Fantastic Mr. Fox

Fantastic Mr. Fox
Wes Anderson’s films have always featured a kind of play-acting, from the cops-and-robbers shenanigans of Bottle Rocket to the spiritual tourism of The Darjeeling Limited, with his characters trying on different personas for size. Maybe that’s why Fantastic Mr. Fox, itself a new kind of persona, fits so clearly and cleverly into Anderson’s body of work, which helps make it such an unexpected joy from start to finish — the director’s best since Rushmore. A typically easygoing Anderson cast, anchored by a nicely understated George Clooney in the title role, inhabits a world of talking animals who are almost, but not quite, human. With a lo-fi stop-action style that well suits the Roald Dahl vibe plus an uncompromised deployment of the director’s stylistic trademarks, Mr. Fox simply follows that golden rule of great kids’ movies by declining to pander to anybody’s idea of what a kid should or shouldn’t find amusing. Helped along by a suitably droll screenplay, everyone involved exudes heaps of effortless cool — this film is the kind of suave you get when you’re having just huge amounts of fun.

The title character’s concerns are recognizably those of a middle-aged guy feeling a little hemmed in by his real-estate investments and maybe a little marginalized by family life. He promised Mrs. Fox (Meryl Streep) a long time ago that he would settle down and renounce the wild, dangerous pursuits of his youth. But, hilariously, he can’t resist his longing to get back in the henhouse and snap some chicken necks. That Fox makes his living in that most endangered of careers, newspaper writing, adds to the film’s general sense of nostalgia. Fox has a son, the awkward pre-teen Ash (Jason Schwartzman), who’s upstaged and irritated by the arrival of his cousin Kristofferson (voiced by Anderson’s brother Eric), an athlete and relative dynamo. The story gets moving when Fox buys a new home close to the triple treat of three different factory farms run by businessmen whimsically named Boggis, Bunce, and Bean. Perhaps Fox isn’t as fast as he used to be — for a while, chicken dinners become de rigeur, but when the farmers catch up to him, they anger and, let’s face it, emasculate him by blasting his furry tail off. (One of the men is seen wearing it later as a necktie.) Fox learns that it’s hard to plot revenge when you’re running for your life, but he does eventually come out on top. Or underneath, as the case may be. Owen Wilson shows up in a giggle-worthy cameo as a team-sports coach, explaining the rules of a ball game that makes Quidditch look sensible, and Bill Murray has a nice turn as Fox’s lawyer, Badger.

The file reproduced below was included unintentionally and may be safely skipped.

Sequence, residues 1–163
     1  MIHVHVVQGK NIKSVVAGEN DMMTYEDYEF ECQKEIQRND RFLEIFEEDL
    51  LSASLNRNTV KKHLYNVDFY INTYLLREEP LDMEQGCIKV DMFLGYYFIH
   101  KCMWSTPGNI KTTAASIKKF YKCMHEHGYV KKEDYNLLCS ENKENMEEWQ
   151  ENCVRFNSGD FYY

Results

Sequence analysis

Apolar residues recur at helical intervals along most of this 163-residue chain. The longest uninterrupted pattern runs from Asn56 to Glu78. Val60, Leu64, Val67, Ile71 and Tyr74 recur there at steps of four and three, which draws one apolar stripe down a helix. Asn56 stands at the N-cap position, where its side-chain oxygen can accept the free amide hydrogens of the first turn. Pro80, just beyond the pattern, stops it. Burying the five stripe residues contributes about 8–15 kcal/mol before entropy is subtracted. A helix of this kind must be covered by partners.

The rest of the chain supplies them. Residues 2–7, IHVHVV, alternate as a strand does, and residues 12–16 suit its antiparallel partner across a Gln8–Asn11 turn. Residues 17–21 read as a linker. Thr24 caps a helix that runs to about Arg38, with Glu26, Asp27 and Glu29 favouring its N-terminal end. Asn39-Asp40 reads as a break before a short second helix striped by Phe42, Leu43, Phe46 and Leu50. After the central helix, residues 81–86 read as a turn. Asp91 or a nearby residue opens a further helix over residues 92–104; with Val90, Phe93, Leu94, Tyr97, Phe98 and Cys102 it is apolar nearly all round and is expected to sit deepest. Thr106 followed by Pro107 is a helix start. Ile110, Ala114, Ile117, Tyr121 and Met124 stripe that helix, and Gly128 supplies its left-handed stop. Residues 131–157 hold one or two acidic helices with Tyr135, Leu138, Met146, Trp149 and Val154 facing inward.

Anderson has succeeded in making an animated film that’s mostly child-friendly but resorts neither to the condescending, quasi-hip attitudes that seem de rigueur in the era of Cartoon Network nor to slavish mimicry of the golden Pixar cinema-of-quality formula. One of the running jokes in the film is the indiscriminate substitute of the word cuss for all manner of interjections and expletives. I can’t remember all of the permutations, but they include the use of cussing as an adjective, what the cuss as an expression of bewilderment, and — my favorite — clustercuss to describe a badly muddled situation. I’ve already noticed offended online commenters (in the wilds of the IMDB discussion boards) making the case that even this kind of reference to profanity is inappropriate in “a kids’ movie,” but what they don’t understand, of course, is that Fantastic Mr. Fox isn’t exactly a kids’ movie. It’s just kid-friendly. Anderson wasn’t willing to have his film’s raconteurs completely give up their right to express themselves freely. The word-substitution gag is a wry compromise, and I think any child old enough to understand the concept of naughty words is going to get a big kick out of it. And what if you’re the parent of a less worldly tyke who asks, innocently, “What’s a clustercuss?” Well, you can just tell them the truth: “too many cooks.”

Visually, Fantastic Mr. Fox is endearingly rough around the edges. Anderson reportedly demanded that his animators do everything the hard way, forgoing the kind of CG shortcuts and polish that give films like Coraline their impressive surface gloss, but I much prefer it like this. The stop-action puppetry here is whimsical, but it has the rough magic of Jan Svankmajer about it as well — the animals are fabricated caricatures of the real thing, but with an impressive physical quality that you still don’t get from computer-generated imagery (never mind those borderline grotesque Robert Zemeckis puppet shows that seem to arrive, replete with the whiff of stale popcorn, every November). It feels like it has been touched by human hands, and that makes a huge difference. Of course, a 3D Henry Selick film based on a Neil Gaiman book is a much safer bet than this incredible anachronism, a cinematic artifact so hopelessly out-of-fashion that in a multiplex environment it feels almost avant garde. Fantastic Mr. Fox may have a hard time gaining traction with babes who’ve been suckling too long at the tit of shiny CG animation, but if it remains a minority taste among the wee set, I’m betting it will have a long and happy life with more discerning members of the general audience. Hipsters, bless them, seem to be embracing it. For Anderson’s fans, it’s an instant classic.

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